Auction of Coleridge items, Christie's New York, December 8th

Auction of items from the Davidson Collection: important English and American literature
Christie's, New York, Tuesday 8 December.

Books, letters, manuscripts and various other documents, inoluding 35 lots relating to Samuel Taylor Coleridge.

To see the illustrated catalogue, click here

Introduction below by James Vigus

The Davidson collection of Coleridge texts is outstanding in both quality and range. Samuel Taylor Coleridge was not only a poet but also a playwright, translator, and prolific writer on literary, philosophical, religious and political topics. All these fields are richly represented here.

Nearly all of Coleridge’s writing is now collected in the Bollingen edition, yet this collection boasts fresh manuscript material, including a late letter to Charles Lamb with an unpublished postscript. To anyone inclined to lend out their books, Lamb advised: ‘let it be to such a one as STC, who will return them [enriched,] tripling their value’. Coleridge delighted in writing notes in friends’ copies of his own books: a wonderful example here is Sophia Raby Gillman’s long-lost copy of Coleridge’s Aids to Reflection, an item of great importance to scholarship. He directs Sophia to a couple of pages in which ‘will be found my Creed as a Christian digested in Seven Articles.’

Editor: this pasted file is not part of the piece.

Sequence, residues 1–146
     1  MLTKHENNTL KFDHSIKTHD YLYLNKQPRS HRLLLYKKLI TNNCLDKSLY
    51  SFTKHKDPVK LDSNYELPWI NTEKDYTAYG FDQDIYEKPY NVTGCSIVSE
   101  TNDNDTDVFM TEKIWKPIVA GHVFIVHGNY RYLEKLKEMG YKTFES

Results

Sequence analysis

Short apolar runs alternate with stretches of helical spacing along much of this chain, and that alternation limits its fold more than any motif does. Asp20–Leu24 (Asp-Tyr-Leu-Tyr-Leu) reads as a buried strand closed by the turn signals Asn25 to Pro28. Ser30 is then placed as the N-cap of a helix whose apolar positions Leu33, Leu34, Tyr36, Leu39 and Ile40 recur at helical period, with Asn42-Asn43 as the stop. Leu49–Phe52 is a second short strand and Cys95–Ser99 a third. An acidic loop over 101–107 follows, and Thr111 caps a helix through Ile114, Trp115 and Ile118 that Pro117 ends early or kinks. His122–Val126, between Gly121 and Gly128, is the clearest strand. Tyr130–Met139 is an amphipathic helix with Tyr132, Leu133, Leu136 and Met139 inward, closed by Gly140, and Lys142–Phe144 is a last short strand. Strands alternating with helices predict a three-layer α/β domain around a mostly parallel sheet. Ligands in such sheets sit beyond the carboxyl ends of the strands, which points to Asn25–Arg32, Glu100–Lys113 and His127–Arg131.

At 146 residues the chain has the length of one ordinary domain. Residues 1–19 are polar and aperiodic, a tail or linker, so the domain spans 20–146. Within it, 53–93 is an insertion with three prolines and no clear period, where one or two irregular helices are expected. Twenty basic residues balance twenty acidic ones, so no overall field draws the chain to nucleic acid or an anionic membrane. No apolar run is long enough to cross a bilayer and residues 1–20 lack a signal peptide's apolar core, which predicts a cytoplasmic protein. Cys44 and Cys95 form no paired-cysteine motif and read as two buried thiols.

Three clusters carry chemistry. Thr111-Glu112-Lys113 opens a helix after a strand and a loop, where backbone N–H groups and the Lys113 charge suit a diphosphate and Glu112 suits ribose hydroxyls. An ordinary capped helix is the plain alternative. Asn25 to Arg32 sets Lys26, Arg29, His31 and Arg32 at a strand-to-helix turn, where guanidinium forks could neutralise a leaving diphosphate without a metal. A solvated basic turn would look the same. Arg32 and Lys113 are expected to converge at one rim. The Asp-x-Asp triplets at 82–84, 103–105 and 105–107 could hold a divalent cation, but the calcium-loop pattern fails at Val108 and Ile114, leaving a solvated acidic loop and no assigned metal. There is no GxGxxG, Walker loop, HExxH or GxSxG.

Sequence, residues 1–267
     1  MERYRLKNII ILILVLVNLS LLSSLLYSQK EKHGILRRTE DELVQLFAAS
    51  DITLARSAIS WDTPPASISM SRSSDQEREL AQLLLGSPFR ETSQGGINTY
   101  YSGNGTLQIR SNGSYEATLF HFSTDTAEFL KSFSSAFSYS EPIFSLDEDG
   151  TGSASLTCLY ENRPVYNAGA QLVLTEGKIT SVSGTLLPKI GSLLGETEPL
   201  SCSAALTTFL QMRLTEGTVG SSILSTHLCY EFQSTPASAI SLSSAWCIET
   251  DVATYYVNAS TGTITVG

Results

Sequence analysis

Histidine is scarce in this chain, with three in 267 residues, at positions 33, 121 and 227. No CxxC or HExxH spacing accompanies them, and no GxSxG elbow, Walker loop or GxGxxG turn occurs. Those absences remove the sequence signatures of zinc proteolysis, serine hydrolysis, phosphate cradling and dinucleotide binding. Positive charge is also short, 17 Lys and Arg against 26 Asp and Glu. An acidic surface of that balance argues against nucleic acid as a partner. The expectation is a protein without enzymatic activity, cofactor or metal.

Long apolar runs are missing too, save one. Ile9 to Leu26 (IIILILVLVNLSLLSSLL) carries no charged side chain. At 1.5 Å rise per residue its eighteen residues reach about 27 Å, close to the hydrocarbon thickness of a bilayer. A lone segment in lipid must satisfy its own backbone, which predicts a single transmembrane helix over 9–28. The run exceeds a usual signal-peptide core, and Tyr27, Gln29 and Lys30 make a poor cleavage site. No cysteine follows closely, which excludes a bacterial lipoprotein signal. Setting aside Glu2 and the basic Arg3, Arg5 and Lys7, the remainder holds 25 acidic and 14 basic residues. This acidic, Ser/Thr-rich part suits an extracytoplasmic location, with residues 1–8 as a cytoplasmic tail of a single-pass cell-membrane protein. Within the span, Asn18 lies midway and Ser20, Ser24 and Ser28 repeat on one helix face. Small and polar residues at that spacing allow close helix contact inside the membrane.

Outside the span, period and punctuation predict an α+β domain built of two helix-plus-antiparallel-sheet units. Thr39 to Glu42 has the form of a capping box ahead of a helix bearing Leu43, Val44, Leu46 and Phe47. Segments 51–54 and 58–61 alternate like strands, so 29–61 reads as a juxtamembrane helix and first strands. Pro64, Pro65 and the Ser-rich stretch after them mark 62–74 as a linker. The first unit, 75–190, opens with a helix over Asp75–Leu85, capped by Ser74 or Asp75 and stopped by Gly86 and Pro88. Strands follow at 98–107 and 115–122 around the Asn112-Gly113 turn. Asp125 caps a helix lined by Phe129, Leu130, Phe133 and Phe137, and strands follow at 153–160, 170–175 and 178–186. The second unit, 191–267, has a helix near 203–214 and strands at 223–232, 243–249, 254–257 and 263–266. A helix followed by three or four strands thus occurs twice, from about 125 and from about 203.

Other lots feature Coleridge’s handwritten revisions to his own poems; and there are copies of books owned by Coleridge, one delicious highlight being the edition of Rabelais that Coleridge annotated in preparation for his lecture on wit and humour in 1818.

There is an opportunity to acquire a rare first edition of Coleridge’s early, politically radical newspaper, 'The Watchman', many copies of which – as he ruefully recounted – were recycled as firewood.

Also from the mid-1790s is a very scarce, uncut copy of 'The Plot Discovered; or An Address to the People, Against Ministerial Treason', the format of which reveals much about the fast-changing political scene when Pitt’s ‘gagging acts’ curbed free speech. By 1809, when Coleridge embarked on 'The Friend', another precarious self-published periodical, he had ceased to believe in the efficacy of addressing ‘the people’, preferring instead a more foundational approach to the principles of morality and legislation. The complete set of 'The Friend' is an especially desirable lot.

Early editions of Coleridge’s tragedy, 'Remorse', and his translation of Schiller’s 'The Piccolomini', represent major aspects of Coleridge’s work that are generally lesser-known today. Lovers of Coleridge’s poetry will be thrilled: perhaps the most remarkable item of all is Coleridge’s extensively annotated copy of his 1817 collection 'Sibylline Leaves' containing, in addition to much else, Coleridge’s handwritten revisions to his poetic masterpiece, 'The Rime of the Ancient Mariner'.